Rock bass state record? He got it from his father


March 21, 2010|By Candus Thomson |

At 31⁄2 years old, Earl Jenkins IV likes to imitate his dad. And if that means setting a state fishing record — the one claimed by his father not quite a year ago — sorry, old man. The Thurmont youngster is an accomplished angler, reeling in his first smallmouth bass last summer and fishing with Earl Jenkins III every chance he gets.

On Wednesday, he made the Maryland rock bass record his own. The two Jenkins men were at a favorite fishing hole, a farm pond near their home where the senior Jenkins caught his record fish. The young angler was casting a small chartreuse grub with his ultra-light spinning combo when he felt the strike.

Although young Earl usually gets pumped when he has a fish on, he coolly cranked in the rock bass weighing 1 pound, 8 ounces and measuring 12 inches long.

They put the fish in an ice chest and raced home. There, dad transferred the pending state record to the live well of his boat parked in the yard and checked the water temperature and aeration all night to ensure the fish's well-being.

The next morning, father and son hooked up the boat and drove to Bass Pro Shop at Arundel Mills, where the fish is being kept in quarantine until aquarist Eric Lambert deems it safe to be released into the 23,000-gallon aquarium. It would be the store's first rock bass.

"All indications are it's doing OK," reports store manager Aaron Frazier. "Those anglers really took care of that fish. They were really thinking conservation. As aresult, it will be able to live out its life right here."

Earl's rock bass is the first state record setter of 2010. Seven marks fell last year. For the record, Earl III's rock bass, caught April 20, weighed 1 pound, 4.1 ounces.

Left floundering The state is reconsidering its unpopular decision on summer flounder regulations after a week when the fish really hit the fan. "We're willing to admit a mistake," Fisheries Service chief Tom O'Connell said in a phone interview. "I have put everything on hold and am reassessing the situation."

If only federal regulators — in whose laps this mess belongs — were as humble, then and now. There's nothing like late fall fishing. An Indian summer day with no crowds. The crisp air whisking away every memory of the ugly muggys of summer. The golden light of autumn making everything glow.

That's what the people of Ocean City had in mind in January when they overwhelmingly asked state fisheries managers to approve a flounder season that traded a half-inch of minimum size for a few more days of fall fishing.

It seemed like a reasonable request: three-fish daily creel; minimum size, 19 inches; season from April 17 to Nov. 22. The proposal would have reduced Maryland's catch from last year by 24.2 percent, meeting the cutback required by the Atlantic States Marine Fisheries Commission.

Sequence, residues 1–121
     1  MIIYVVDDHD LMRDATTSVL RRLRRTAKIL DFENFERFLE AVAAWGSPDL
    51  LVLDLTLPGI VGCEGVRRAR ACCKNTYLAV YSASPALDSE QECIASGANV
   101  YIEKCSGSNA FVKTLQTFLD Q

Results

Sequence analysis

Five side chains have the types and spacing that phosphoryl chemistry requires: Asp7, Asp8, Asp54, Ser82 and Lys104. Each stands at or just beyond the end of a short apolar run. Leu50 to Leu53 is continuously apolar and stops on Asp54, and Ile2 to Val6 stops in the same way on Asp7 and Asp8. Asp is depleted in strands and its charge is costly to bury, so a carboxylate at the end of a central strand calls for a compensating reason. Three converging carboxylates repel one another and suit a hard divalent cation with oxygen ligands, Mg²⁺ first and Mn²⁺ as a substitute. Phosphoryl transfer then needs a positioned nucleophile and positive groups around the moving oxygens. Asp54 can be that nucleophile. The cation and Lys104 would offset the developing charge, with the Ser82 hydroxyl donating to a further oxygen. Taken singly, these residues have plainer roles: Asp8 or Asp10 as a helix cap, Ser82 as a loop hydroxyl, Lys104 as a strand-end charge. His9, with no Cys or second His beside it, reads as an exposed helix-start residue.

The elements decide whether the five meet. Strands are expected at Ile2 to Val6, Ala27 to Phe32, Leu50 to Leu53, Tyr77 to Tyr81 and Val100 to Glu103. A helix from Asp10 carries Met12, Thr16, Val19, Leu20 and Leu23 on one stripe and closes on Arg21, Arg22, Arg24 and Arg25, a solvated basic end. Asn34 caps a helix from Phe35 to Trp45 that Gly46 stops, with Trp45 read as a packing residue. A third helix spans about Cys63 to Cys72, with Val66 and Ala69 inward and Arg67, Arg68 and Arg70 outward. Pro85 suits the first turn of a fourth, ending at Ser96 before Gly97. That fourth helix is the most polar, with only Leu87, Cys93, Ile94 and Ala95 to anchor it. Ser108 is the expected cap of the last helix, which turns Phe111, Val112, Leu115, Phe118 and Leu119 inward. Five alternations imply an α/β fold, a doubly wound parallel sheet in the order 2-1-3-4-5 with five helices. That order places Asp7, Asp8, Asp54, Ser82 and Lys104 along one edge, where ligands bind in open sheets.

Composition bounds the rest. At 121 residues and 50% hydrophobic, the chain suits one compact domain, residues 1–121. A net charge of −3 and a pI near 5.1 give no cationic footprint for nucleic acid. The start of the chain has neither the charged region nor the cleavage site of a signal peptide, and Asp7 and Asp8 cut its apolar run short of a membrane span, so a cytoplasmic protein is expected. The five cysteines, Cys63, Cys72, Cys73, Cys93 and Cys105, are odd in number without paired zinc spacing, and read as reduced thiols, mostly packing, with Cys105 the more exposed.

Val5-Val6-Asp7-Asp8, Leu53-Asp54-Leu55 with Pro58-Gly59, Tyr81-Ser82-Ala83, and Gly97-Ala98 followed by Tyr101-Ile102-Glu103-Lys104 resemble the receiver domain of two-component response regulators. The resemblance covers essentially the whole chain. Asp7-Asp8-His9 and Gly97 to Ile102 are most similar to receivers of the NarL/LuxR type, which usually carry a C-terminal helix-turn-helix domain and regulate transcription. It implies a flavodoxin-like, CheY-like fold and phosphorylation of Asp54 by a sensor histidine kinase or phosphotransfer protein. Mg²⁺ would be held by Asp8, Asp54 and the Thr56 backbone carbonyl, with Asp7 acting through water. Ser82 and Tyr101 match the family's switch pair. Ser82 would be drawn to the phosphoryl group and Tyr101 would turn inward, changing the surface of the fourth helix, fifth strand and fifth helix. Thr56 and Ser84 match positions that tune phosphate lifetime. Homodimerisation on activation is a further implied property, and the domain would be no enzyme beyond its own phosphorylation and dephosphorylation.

But when a draft of the regulation circulated Thursday, folks on the coast were angry and baffled. From April 24 through Sept. 24, Chesapeake Bay and coastal anglers would be permitted to keep three fish each day, 181⁄2 inches minimum, resulting in a 24.5 percent catch reduction.

Anglers and tackle shop owners wondered why their opinion was sought and then ignored, especially when the difference between the two versions is .3 percent and since both were approved by ASMFC to meet the quota of 75,000 fish.

"I've seen a lot of questionable management decisions, but this may be the worst," says Capt. Monty Hawkins, who runs a party boat out of Ocean City and is a prime mover in the effort to build artificial reefs.

It also raises another question: Why do federal regulators insist that state fisheries managers abide by the Marine Recreational Fisheries Statistical Survey, a census method that was never meant to do the job it's doing, has been widely discredited by the scientific community and is being replaced as we speak.

For example, Hawkins notes, in September and October 2007, recreational anglers fishing from shore were estimated to have caught 36,017 flounder while charter boats and party boats were estimated to have caught fewer than 3,000 flounder.

"Anglers on shore caught what we catch in 15 years? How is that plausible?" he asks. O'Connell pauses before answering: "I don't know what to say. It doesn't seem possible that it can be possible. ... We've talked to MRFSS about their flounder numbers before."

The Fisheries Service boss acknowledges that while immersed in the sticky details of the state budget and oyster restoration efforts, "I did not fully grasp the amount of opposition" to the flounder plan he endorsed.

But it's not all the fault of O'Connell or his staff. The contractor who prepares the MRFSS numbers missed deadlines. As a result, Maryland's process was rushed and public input was minimized. The new regulations will have to be enacted as an emergency measure.

Most other states have set their regulations.

Delaware is having a public hearing Tuesday on four options with minimumsize limits ranging from 18.5 to 19 inches and with creel limits that range from two to four fish. Two options include an open season.

Meanwhile, O'Connell is in Ocean City this weekend, patching things up with the recreational community as he readies new regulations for release as early as Monday.

"I'm cautiously optimistic that we will have a better situation than we were about to go with," he says.

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